In Vivo Parasitological Measures of Artemisinin Susceptibility

Stepniewska, K; Ashley, E; Lee, SJ; Anstey, N; Barnes, KI; Tran, QB; D'Alessandro, U; Day, NPJ; de Vries, PJ; Dorsey, G; Guthmann, JP; Mayxay, M; Newton, PN; Olliaro, P; Osorio, L; Price, RN; Rowland, M; Smithuis, F; Taylor, WRJ; Nosten, F; White, NJ; (2010) In Vivo Parasitological Measures of Artemisinin Susceptibility. The Journal of infectious diseases, 201 (4). pp. 570-579. ISSN 0022-1899 DOI:

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Parasite clearance data from 18,699 patients with falciparum malaria treated with an artemisinin derivative in areas of low (n = 14,539), moderate (n = 2077), and high (n = 2083) levels of malaria transmission across the world were analyzed to determine the factors that affect clearance rates and identify a simple in vivo screening measure for artemisinin resistance. The main factor affecting parasite clearance time was parasite density on admission. Clearance rates were faster in high-transmission settings and with more effective partner drugs in artemisinin-based combination treatments (ACTs). The result of the malaria blood smear on day 3 (72 h) was a good predictor of subsequent treatment failure and provides a simple screening measure for artemisinin resistance. Artemisinin resistance is highly unlikely if the proportion of patients with parasite densities of <100,000 parasites/mu L given the currently recommended 3-day ACT who have a positive smear result on day 3 is <3%; that is, for n patients the observed number with a positive smear result on day 3 does not exceed. (n + 60)/24.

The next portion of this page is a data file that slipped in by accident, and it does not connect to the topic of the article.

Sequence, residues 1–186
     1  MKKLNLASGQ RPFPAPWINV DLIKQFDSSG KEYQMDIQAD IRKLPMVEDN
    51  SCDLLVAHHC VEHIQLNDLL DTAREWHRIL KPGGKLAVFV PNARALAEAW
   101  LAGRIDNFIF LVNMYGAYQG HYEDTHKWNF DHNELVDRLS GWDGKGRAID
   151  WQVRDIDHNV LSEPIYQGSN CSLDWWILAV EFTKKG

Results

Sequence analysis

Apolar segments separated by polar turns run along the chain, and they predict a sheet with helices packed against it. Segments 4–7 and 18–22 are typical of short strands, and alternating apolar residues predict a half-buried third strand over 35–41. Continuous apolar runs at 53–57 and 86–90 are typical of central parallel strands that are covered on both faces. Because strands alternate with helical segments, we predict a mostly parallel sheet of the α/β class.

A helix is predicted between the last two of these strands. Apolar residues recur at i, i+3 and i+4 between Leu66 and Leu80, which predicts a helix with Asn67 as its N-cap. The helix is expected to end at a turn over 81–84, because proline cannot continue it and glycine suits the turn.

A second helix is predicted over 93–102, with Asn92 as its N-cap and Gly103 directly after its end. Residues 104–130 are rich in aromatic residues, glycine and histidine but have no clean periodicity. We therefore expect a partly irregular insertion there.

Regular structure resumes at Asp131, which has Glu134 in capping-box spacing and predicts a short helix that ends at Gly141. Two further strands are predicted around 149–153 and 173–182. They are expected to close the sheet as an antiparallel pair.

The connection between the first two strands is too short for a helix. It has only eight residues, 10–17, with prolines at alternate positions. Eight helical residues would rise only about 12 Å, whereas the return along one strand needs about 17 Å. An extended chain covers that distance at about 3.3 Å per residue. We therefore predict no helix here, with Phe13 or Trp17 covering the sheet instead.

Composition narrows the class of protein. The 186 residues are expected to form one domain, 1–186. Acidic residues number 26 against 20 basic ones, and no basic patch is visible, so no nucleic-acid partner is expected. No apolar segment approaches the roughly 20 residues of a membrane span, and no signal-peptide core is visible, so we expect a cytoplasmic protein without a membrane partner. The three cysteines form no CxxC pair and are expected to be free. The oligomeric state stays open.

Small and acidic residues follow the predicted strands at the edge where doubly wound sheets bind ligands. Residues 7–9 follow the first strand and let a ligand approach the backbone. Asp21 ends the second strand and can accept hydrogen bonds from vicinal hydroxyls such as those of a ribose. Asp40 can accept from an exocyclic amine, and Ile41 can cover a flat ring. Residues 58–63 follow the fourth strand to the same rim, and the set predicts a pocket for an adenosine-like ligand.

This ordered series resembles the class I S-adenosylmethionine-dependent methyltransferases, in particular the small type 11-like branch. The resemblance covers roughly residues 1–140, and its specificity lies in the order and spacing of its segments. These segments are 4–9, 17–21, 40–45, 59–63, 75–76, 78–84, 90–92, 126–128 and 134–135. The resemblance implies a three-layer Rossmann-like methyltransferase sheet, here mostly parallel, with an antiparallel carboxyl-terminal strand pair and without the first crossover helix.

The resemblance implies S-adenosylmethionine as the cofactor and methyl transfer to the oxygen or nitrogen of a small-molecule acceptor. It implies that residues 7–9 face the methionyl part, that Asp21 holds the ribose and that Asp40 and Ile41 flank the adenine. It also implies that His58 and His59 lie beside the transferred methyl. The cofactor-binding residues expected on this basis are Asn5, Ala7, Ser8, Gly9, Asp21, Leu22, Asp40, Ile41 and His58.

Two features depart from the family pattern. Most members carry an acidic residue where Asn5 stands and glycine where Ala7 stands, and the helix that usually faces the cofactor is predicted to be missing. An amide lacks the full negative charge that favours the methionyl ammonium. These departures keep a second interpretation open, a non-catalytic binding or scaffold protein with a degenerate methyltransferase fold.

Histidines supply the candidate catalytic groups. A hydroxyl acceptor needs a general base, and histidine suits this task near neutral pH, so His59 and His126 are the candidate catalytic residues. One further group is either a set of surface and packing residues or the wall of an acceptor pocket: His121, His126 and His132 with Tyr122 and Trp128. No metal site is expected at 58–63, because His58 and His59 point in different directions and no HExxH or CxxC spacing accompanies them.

Item Type: Article
Keywords: plasmodium-falciparum malaria, artesunate-mefloquine combination, antimalarial-drugs, pharmacodynamic properties, parasite clearance, resistant malaria, thailand, efficacy, cambodia, border, Adolescent, Adult, Aged, Aged, 80 and over, Antimalarials, therapeutic use, Artemisinins, therapeutic use, Child, Child, Preschool, Drug Resistance, Endemic Diseases, Humans, Infant, Kaplan-Meiers Estimate, Malaria, Falciparum, drug therapy, epidemiology, parasitology, transmission, Middle Aged, Parasitemia, drug therapy, epidemiology, parasitology, transmission, Plasmodium falciparum, drug effects, Recurrence
Faculty and Department: Faculty of Infectious and Tropical Diseases > Dept of Disease Control
PubMed ID: 20085495
Web of Science ID: 273843900014


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